Google hits back at Oracle, claims it ‘ignores’ open source community

6 Oct 2010

Google has responded to Oracle’s lawsuit that claims Oracle’s patents are infringed by Google’s use of Java in the Android platform.

Oracle is taking Google to court, claiming that the search giant used the Sun Microsystems-developed Java in the Android operating system, ignoring several patents in doing so.

Google filed a response to the lawsuit against it, saying that it denies it has infringed any of Oracle’s patents and states these patents are invalid or unenforceable for numerous reasons.

Google uses a subset of the Apache Harmony Java implementation in Android. However, Oracle keeps portions of Sun’s open-sourced Java closed, making developers use Sun’s Technology Compatibility Kit (TCK) in order for them to get a license to use Java Standard Edition.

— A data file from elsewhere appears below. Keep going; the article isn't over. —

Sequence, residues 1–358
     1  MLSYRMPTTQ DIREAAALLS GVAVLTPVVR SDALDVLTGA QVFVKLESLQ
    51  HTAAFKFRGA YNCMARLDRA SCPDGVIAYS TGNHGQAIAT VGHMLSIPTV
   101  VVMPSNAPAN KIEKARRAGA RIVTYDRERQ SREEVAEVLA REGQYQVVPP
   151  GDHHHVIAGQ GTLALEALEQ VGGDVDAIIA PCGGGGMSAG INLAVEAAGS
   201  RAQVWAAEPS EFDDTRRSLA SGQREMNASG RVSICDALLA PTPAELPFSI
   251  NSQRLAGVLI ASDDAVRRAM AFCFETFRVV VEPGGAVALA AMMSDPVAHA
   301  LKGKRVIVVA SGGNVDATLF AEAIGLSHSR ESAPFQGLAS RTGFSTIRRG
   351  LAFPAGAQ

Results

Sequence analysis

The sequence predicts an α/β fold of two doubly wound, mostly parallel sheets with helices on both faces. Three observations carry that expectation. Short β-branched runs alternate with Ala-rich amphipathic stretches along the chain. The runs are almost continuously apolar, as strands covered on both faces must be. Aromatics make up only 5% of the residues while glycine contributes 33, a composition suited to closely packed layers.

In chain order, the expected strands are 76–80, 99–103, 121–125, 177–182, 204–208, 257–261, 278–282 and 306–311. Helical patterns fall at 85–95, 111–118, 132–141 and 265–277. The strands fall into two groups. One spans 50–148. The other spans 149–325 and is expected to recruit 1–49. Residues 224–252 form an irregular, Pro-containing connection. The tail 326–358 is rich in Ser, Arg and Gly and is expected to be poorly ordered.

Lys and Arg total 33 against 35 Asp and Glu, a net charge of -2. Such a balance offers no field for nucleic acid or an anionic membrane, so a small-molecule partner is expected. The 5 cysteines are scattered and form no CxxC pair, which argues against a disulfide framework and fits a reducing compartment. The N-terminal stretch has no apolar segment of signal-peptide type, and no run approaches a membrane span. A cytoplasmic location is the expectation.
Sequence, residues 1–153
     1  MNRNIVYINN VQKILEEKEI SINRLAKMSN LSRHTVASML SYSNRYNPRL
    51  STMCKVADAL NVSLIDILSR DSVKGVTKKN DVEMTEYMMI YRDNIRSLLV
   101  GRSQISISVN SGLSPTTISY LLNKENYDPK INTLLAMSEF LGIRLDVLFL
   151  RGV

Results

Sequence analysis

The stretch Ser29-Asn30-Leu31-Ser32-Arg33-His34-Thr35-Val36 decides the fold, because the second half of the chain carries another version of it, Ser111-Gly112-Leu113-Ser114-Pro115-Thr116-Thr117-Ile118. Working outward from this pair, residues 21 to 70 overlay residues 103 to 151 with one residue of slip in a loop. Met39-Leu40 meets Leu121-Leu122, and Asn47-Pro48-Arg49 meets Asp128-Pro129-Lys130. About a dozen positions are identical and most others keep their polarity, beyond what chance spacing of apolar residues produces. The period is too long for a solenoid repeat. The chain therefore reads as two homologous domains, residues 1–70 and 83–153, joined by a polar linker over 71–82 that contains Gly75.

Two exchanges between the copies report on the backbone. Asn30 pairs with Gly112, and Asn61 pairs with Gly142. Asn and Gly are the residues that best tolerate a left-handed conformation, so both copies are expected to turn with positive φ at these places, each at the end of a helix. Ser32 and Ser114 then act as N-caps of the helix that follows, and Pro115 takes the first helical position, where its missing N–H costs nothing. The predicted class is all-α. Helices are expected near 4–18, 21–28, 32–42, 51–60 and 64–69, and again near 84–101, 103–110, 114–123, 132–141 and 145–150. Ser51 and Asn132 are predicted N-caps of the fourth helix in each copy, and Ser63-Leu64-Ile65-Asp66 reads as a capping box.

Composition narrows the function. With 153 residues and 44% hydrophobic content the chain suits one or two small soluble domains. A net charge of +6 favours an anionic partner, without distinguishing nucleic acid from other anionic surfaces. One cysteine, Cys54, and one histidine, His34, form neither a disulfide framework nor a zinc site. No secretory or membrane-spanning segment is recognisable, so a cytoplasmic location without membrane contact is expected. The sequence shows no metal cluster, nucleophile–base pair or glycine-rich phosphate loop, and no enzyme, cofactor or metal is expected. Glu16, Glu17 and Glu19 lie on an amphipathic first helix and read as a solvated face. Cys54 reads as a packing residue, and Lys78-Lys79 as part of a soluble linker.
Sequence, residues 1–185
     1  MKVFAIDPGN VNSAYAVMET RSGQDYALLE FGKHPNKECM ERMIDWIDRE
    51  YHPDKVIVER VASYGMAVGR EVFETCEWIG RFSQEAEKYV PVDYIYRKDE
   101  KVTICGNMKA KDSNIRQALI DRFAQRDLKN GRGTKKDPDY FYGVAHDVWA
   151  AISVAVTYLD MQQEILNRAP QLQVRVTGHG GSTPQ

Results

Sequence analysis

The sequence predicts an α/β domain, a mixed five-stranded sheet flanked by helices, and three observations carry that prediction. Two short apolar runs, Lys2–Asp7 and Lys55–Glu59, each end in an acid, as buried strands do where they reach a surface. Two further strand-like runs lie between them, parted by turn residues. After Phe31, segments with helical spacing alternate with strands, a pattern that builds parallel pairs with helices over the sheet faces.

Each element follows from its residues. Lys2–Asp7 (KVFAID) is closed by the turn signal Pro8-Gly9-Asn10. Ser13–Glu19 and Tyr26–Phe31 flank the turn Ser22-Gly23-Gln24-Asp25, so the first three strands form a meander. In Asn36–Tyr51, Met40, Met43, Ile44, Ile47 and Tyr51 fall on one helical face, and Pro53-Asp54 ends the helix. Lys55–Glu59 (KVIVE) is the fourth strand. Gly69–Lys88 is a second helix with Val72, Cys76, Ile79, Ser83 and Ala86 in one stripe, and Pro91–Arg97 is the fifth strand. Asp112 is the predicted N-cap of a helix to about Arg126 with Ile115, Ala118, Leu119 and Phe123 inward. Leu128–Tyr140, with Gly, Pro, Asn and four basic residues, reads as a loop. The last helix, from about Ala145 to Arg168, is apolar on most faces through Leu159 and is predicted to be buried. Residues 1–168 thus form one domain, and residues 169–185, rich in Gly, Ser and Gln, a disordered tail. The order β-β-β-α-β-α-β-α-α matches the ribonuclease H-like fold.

Oracle and Apache had been arguing about the licence for Java for many years and the only licence Sun ever offered Apache for the Java TCK included significant “field of use” restrictions, including mobile phone restrictions.

As a result, Apache has never taken a Java TCK licence to test Harmony. Oracle used to support Apache’s argument, but it changed once it acquired Sun.

Google is arguing that this is unfair and that Oracle has “ignored the open source community’s requests to fully open source the Java platform.”

While Google’s open-source argument makes a case against corporate control over new technologies, Oracle responded, saying not only did Google knowingly infringe on their patents in using it, but that it also harms the industry.

“In developing Android, Google chose to use Java code without obtaining a licence,” Oracle said in response to Google’s counter argument.

“Additionally, it modified the technology so it is not compliant with Java’s central design principle to ‘write once and run anywhere.’

“Google’s infringement and fragmentation of Java code not only damages Oracle, it clearly harms consumers, developers and device manufacturers,” said Oracle’s statement.

Whatever the outcome, Java on mobile is likely to change once this lawsuit is settled.